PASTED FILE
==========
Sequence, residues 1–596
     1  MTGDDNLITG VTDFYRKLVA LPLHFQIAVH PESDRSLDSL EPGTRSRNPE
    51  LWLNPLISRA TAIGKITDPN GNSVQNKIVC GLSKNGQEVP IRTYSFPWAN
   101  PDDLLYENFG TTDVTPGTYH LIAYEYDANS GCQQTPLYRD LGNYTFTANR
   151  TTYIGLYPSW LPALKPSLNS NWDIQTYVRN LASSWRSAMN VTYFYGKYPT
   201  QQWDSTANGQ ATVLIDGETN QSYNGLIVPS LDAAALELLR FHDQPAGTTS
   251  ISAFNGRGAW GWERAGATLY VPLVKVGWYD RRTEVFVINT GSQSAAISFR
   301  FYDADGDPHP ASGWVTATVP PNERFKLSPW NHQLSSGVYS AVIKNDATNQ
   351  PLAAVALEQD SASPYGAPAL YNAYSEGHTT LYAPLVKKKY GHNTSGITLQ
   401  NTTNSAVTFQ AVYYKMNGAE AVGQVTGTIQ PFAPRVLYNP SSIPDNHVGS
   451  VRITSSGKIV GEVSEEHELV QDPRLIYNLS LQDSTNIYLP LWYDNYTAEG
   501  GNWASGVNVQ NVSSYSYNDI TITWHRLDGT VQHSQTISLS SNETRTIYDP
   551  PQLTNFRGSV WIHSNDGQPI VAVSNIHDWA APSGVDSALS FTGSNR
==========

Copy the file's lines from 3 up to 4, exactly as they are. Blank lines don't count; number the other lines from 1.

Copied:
    51  LWLNPLISRA TAIGKITDPN GNSVQNKIVC GLSKNGQEVP IRTYSFPWAN
   101  PDDLLYENFG TTDVTPGTYH LIAYEYDANS GCQQTPLYRD LGNYTFTANR